Segments in this Video

Changing Our Behavior (07:38)


Americans waste more than 40% of fruits and vegetables grown; rotting food releases methane gases into the atmosphere. In Nogales, Yolanda Soto runs the Borderlands Food Bank, which distributes unacceptable crops to non-profit agencies within the United States and Mexico. Sergio Ballesteros inspects produce brought over from Mexico.

San Francisco, California (03:54)

Robert Reed explains that half of the trash sent to landfills can be composted. Recology provides compost bins and a compactor to all the restaurants located in the Ferry Building.

Jepson Prairie Organics (03:00)

Reed explains how the plant composts 600 tons daily. Bio filters reduce emissions.

Replacing Nutrients (01:49)

Nigel Walker explains how he uses food scraps from San Francisco to feed his crop yields. Recology is certified organic compost.

Brooklyn, New York (07:44)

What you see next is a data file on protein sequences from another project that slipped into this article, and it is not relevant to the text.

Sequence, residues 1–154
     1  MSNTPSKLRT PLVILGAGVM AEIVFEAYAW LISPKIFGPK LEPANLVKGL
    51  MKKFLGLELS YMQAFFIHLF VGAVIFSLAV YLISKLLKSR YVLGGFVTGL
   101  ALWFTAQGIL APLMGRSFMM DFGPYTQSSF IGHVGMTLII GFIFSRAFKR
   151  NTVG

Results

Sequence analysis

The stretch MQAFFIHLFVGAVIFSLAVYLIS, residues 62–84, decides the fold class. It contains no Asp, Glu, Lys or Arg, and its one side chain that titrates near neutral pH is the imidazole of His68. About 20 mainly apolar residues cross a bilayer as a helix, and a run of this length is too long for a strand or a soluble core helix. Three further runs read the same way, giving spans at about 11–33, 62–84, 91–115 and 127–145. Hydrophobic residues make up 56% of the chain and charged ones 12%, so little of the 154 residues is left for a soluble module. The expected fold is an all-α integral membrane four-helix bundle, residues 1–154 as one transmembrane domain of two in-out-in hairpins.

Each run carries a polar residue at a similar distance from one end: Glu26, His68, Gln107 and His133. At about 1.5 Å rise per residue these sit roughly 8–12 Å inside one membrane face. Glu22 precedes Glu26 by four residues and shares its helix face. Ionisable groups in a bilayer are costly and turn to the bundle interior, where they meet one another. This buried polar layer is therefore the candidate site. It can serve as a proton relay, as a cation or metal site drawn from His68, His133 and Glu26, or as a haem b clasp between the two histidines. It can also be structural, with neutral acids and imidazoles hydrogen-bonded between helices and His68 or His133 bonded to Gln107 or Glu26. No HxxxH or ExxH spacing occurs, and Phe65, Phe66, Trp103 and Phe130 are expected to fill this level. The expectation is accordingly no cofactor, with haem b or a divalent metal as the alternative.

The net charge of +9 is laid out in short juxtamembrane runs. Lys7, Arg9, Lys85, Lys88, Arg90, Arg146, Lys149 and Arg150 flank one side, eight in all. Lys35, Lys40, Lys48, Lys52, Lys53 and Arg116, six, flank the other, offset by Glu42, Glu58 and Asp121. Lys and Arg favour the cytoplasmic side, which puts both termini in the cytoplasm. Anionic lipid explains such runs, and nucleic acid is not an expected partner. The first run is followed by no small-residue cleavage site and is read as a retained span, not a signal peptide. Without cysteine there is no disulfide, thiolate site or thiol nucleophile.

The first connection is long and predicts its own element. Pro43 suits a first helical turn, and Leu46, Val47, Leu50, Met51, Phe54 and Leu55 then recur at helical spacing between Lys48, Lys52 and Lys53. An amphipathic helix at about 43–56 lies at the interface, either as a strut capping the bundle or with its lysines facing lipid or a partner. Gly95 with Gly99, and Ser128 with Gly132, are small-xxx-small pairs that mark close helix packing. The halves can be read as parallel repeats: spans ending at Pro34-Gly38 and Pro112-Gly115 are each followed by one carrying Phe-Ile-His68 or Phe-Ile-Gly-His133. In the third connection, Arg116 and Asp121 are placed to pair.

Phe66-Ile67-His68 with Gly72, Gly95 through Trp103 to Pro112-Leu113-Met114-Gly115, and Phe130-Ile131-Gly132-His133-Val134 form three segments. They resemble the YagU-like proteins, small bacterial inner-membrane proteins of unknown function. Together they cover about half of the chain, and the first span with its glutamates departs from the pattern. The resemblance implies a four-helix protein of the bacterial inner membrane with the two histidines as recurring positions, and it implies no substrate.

Vandra Thorburn ferments food waste using a Japanese process called Vokashi. A white fungus forms when it is working. Every month she collects food waste buckets from her neighbors and makes compost from sawdust for the golf course.

Credits: Make Food, Not Waste, Episode 10 (00:31)

Credits: Make Food, Not Waste, Episode 10

For additional digital leasing and purchase options contact a media consultant at 800-257-5126
(press option 3) or

Make Food, Not Waste, Episode 10

Part of the Series : Food Forward, Season 2
3-Year Streaming Price: $129.95



Americans throw away 34 million tons of food each year. That’s like tossing a quarter of the groceries we buy directly into the trash. But where some see garbage, others find green gold. Explore the secret life of food scraps, landfills and the people who love them. San Francisco is leading the charge in composting municipal food waste.

Length: 25 minutes

Item#: EDP151219

Copyright date: ©2014

Closed Captioned

Performance Rights

Prices include public performance rights.

Not available to Home Video, Dealer and Publisher customers.

Only available in USA and Canada.